The Sands of Time
Britain's Building Sandstones
Church Horbury, West Yorkshire: Local Carboniferous sandstone
displaying natural cross-bedding to great effect
|Sandstone beds in the UK|
Currently there are around 200 active building sandstone quarries in Britain, more than enough one might think to supply current construction industry needs. However, in the mid 19th century there were more than 850 quarries supplying building sandstone, as well as many more unrecorded small producers meeting local vernacular needs. How has this dramatic decline in the production of building sandstone impacted on our building industry? The most fundamental change has been to restrict the choice of sandstones available, particularly for conservation repair and new build projects.
Sandstone beds (see map, above) occur in all the main geological systems cropping out across Britain (Precambrian, Cambrian, Ordovician, Silurian, Devonian, Carboniferous, Permian, Triassic, Jurassic, Cretaceous and Tertiary successions). Although not all beds produce suitable building stone, sandstones from each of these geological systems have been used for building stone to a greater or lesser extent.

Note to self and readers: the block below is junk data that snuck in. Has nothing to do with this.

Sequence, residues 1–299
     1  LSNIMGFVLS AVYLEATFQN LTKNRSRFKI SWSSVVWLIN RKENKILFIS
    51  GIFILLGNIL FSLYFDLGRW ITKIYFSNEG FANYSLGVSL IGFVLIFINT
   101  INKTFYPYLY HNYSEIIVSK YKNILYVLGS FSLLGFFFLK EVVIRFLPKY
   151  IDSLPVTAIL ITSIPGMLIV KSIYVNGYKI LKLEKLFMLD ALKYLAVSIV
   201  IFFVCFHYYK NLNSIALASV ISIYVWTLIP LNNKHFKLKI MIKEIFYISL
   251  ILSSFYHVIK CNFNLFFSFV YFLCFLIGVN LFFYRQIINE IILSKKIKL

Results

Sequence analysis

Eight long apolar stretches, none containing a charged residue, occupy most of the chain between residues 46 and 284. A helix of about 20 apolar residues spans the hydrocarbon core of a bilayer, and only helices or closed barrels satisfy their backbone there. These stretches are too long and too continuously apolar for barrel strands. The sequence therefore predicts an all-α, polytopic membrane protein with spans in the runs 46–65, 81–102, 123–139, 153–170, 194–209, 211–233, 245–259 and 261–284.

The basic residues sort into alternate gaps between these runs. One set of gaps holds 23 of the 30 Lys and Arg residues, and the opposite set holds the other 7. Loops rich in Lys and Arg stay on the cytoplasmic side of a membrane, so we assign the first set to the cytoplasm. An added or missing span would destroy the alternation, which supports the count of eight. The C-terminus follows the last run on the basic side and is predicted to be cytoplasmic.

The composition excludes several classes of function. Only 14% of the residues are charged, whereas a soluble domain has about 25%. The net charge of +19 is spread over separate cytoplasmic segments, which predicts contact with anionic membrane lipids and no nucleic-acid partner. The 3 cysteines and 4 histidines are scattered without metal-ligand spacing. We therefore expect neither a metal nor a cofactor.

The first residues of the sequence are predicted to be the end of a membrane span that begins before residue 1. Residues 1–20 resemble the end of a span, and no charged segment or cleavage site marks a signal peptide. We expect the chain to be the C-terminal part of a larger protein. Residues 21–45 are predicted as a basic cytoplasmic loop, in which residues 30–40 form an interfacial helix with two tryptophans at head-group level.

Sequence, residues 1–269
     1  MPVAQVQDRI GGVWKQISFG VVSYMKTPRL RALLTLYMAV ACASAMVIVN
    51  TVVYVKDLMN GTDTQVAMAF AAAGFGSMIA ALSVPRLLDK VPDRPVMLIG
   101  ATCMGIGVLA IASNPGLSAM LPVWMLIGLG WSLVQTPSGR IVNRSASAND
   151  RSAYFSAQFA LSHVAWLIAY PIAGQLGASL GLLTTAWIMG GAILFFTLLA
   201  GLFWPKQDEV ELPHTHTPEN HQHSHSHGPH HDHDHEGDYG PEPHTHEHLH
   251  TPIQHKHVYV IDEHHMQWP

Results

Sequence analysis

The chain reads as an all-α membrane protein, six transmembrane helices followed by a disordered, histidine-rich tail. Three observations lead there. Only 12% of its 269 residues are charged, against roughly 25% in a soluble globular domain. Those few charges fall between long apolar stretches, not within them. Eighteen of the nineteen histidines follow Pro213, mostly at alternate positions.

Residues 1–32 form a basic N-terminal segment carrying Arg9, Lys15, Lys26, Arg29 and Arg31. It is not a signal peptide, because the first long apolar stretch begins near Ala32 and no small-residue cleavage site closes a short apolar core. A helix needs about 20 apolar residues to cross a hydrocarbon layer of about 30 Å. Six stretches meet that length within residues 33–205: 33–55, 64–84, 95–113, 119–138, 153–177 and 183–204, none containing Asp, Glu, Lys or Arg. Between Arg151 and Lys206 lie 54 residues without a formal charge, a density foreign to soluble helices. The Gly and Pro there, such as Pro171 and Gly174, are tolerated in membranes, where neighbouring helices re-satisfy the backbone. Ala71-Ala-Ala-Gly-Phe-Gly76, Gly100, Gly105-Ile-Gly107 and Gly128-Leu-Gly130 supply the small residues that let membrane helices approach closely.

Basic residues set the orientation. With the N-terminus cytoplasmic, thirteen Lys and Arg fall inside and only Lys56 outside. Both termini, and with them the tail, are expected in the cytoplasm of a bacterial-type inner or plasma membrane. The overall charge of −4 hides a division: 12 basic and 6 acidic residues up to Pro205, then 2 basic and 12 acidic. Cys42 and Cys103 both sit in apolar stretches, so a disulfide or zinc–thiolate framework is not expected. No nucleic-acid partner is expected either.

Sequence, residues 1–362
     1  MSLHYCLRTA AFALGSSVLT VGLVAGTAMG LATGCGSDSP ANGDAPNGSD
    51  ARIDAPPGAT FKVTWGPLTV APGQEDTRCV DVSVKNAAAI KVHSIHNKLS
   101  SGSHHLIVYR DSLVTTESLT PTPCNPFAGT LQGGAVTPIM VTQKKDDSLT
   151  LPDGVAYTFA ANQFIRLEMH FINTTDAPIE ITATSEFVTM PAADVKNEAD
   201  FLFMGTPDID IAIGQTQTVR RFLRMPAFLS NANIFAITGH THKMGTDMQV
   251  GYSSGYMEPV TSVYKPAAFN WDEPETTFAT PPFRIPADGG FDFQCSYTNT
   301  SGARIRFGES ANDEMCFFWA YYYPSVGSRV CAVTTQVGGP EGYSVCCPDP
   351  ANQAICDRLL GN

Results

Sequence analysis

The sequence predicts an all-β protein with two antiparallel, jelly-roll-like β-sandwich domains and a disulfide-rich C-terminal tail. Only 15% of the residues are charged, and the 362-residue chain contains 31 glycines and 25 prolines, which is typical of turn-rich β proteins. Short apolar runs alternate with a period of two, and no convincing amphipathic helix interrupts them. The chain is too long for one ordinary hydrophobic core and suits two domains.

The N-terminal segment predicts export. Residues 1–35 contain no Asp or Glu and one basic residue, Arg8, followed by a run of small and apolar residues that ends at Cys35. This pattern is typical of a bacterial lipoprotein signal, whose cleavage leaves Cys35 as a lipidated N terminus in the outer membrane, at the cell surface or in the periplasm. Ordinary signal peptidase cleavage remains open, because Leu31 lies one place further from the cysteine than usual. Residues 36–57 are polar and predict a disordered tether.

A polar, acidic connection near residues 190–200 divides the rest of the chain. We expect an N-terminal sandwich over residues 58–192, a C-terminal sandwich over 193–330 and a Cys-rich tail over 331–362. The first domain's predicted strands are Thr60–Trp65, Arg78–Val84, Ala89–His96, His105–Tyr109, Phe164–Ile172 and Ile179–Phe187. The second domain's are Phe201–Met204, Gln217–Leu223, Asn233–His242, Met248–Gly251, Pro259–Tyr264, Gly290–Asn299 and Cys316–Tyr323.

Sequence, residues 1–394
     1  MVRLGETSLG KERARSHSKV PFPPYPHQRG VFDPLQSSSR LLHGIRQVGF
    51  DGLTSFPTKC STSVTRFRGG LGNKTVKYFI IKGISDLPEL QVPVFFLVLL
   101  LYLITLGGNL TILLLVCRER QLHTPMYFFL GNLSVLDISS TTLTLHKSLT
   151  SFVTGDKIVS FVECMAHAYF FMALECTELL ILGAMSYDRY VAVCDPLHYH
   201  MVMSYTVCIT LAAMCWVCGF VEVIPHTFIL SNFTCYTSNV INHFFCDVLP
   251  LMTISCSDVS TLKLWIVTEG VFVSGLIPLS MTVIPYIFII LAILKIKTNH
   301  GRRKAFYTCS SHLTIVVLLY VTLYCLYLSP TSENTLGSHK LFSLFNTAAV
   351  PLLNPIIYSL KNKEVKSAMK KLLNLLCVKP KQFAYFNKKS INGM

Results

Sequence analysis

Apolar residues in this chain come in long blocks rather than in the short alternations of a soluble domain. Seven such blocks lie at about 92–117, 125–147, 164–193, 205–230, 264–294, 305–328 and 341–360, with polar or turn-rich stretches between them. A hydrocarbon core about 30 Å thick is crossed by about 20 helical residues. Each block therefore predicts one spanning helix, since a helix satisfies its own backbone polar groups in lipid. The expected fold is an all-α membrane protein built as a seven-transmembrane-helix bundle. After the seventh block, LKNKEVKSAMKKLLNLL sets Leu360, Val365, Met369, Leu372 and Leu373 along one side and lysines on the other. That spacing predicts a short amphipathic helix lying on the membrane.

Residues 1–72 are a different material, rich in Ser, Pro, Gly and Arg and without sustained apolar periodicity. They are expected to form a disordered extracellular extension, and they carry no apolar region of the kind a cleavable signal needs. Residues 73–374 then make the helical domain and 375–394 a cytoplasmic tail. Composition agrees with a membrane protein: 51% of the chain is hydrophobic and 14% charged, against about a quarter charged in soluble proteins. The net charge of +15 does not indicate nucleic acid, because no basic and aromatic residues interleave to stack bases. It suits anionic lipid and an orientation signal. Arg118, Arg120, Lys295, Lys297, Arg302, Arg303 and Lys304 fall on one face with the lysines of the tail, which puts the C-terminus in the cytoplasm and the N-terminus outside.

In general, most early quarries began as sources of vernacular building stone supplying a few local projects, but by the 19th century a small proportion had grown to become important national sandstone resources, supplying towns and cities far beyond their immediate vicinity. Outside London, in the south of England, the Midlands, Wales and in the north of Britain, our most recognisable historic buildings and structures are commonly constructed using local sandstones, many of which are now no longer quarried.